US20070094241A1 - System and method for web searching - Google Patents

System and method for web searching Download PDF

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US20070094241A1
US20070094241A1 US11/258,130 US25813005A US2007094241A1 US 20070094241 A1 US20070094241 A1 US 20070094241A1 US 25813005 A US25813005 A US 25813005A US 2007094241 A1 US2007094241 A1 US 2007094241A1
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categories
user
search
method
further
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US8161044B2 (en
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Jason M. Blackwell
Claude Elie
Danny R. Hager
Clare Kibler
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International Business Machines Corp
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International Business Machines Corp
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    • GPHYSICS
    • G06COMPUTING; CALCULATING; COUNTING
    • G06FELECTRIC DIGITAL DATA PROCESSING
    • G06F16/00Information retrieval; Database structures therefor; File system structures therefor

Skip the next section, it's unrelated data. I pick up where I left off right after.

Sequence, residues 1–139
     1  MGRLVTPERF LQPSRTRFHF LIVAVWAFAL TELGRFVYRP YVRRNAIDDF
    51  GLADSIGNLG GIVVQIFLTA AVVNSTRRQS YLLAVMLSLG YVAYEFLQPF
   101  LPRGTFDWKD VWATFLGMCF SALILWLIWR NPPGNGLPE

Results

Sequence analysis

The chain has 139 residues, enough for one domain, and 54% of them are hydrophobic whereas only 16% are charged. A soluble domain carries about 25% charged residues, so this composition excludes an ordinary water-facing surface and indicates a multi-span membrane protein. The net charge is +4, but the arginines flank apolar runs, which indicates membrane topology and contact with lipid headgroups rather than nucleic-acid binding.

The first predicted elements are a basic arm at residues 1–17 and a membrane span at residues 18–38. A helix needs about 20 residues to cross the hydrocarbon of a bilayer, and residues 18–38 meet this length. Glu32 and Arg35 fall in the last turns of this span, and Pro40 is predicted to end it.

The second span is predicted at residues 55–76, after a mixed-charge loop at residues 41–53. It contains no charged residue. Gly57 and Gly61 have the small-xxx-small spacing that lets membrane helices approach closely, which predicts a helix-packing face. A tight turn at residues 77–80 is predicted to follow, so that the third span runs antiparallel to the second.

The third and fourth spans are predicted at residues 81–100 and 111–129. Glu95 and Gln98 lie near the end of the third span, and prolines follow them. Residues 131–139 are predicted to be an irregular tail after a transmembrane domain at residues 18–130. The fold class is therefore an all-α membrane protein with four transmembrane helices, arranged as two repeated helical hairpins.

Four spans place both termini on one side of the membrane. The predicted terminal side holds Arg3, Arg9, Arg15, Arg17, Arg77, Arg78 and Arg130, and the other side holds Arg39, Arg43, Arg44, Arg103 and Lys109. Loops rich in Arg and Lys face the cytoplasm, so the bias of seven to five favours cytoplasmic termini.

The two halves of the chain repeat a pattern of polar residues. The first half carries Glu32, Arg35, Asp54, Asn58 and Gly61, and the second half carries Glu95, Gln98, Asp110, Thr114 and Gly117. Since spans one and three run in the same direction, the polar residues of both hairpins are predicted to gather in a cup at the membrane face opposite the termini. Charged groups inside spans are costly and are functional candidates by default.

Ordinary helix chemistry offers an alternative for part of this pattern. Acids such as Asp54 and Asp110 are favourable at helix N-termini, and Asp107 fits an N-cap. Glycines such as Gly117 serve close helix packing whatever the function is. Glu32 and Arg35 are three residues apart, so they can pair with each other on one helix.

• G06F16/90Details of database functions independent of the retrieved data types
    • G06F16/95Retrieval from the web
    • G06F16/951Indexing; Web crawling techniques

Abstract

A system and method of web searching is provided. The method comprises defining one or more user preferred categories and conducting a search within the one or more user preferred categories based upon search criteria by comparing the search criteria to content information within each of the one or more user preferred categories. The method further includes displaying search results associated with each of the preferred categories which have matching criteria based on the conducted search.

Description

    FIELD OF THE INVENTION